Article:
Who learns best in the online environment?

There is always a lot of debate about “who” is right for the online environment and what skill sets are needed to be successful. Below is a recent article that discusses the pros/cons to enrollment special education secondary (high school) students in online learning courses.

Published Online: June 14, 2010 in Education Week’s Digital Directions
Published in Print: June 16, 2010, as Going Virtual in Spec. Ed.

Educators Weigh Benefits, Drawbacks of Virtual Spec. Ed.

Weighing Benefits vs. Drawbacks.

After watching her son struggle in traditional and alternative public school settings, Ladona Strouse decided to try something new for the 11th grader: cyber schooling.

“To be honest, it was not our first choice,” she says, but Kyle, who struggles with bipolar disorder as well as a brain injury, was disruptive in school and was not getting the support he needed to be successful in a traditional education setting.

“At first, it was horrible, just because we didn’t know what we were doing, and he didn’t know what to expect,” says Strouse, the executive director of the Franklin, Pa.-based Heart 2 Heart, a support network for parents of children with behavioral and mental-health disabilities. “There was no real orientation, and within the first couple of weeks of the school year, I was ready to throw in the towel.”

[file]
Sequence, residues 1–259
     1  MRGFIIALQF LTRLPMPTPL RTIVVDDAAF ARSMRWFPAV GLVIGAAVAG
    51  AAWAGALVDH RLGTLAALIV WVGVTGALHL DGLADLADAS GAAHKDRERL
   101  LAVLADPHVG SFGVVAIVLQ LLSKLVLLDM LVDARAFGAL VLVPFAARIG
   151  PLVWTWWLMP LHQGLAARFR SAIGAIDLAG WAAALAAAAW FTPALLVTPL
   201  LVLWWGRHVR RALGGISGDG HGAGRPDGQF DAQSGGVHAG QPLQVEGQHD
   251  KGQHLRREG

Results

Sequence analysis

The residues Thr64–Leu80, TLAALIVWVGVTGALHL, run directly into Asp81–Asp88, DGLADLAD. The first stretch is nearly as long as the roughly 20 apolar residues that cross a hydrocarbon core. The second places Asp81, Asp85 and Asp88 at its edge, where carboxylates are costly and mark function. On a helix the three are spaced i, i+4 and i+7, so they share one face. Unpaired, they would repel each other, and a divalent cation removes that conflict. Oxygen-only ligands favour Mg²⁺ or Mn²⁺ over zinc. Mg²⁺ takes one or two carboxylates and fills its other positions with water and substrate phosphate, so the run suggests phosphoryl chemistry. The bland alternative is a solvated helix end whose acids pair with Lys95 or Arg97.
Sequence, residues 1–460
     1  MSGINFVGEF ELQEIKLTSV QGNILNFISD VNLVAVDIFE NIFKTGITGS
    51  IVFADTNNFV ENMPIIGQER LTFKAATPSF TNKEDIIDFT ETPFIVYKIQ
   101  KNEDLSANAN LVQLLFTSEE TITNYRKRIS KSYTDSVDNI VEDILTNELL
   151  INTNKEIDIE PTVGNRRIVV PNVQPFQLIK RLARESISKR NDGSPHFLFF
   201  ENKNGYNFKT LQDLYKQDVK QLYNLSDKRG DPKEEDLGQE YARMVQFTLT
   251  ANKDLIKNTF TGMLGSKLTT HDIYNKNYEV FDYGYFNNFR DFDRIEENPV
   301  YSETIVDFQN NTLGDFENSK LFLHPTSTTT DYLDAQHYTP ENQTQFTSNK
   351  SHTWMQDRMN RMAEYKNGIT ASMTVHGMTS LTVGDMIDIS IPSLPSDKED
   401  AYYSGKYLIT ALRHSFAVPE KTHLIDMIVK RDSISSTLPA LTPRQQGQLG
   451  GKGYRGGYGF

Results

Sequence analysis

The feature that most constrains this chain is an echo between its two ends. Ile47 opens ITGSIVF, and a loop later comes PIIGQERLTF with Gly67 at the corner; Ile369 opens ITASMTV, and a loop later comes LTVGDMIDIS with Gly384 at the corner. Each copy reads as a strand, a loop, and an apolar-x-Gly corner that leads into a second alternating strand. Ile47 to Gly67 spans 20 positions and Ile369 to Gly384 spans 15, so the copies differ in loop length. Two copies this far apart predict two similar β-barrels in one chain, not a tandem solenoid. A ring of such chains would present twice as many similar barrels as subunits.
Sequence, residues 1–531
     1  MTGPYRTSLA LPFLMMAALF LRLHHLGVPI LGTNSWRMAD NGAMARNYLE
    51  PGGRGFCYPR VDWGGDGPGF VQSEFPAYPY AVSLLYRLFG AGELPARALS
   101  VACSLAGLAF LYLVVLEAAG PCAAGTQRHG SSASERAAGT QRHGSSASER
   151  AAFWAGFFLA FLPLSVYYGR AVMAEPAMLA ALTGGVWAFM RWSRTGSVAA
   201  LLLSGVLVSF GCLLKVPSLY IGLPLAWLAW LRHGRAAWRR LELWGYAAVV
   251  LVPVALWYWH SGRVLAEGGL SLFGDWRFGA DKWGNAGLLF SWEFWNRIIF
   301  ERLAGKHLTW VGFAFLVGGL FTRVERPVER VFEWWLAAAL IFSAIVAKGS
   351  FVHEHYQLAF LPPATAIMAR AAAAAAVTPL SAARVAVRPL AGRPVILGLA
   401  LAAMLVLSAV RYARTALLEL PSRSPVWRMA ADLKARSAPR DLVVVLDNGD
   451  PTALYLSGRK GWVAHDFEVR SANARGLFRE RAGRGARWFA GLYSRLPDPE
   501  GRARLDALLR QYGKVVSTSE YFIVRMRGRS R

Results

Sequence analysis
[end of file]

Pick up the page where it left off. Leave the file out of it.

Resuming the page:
However, after a few weeks of enrollment in the Agora Cyber Charter School, Kyle was assigned a special education case manager, and both Kyle and his parents began adjusting better to the school. In fact, during his first semester, Kyle received his first A in a course in three years, his mother says.

As online learning for precollegiate students continues to grow, more parents of children with special needs have begun to consider cyber schooling as a viable alternative to traditional brick-and-mortar schools.

Full article available at http://www.edweek.org/dd/articles/2010/06/16/03speced.h03.html?print=1

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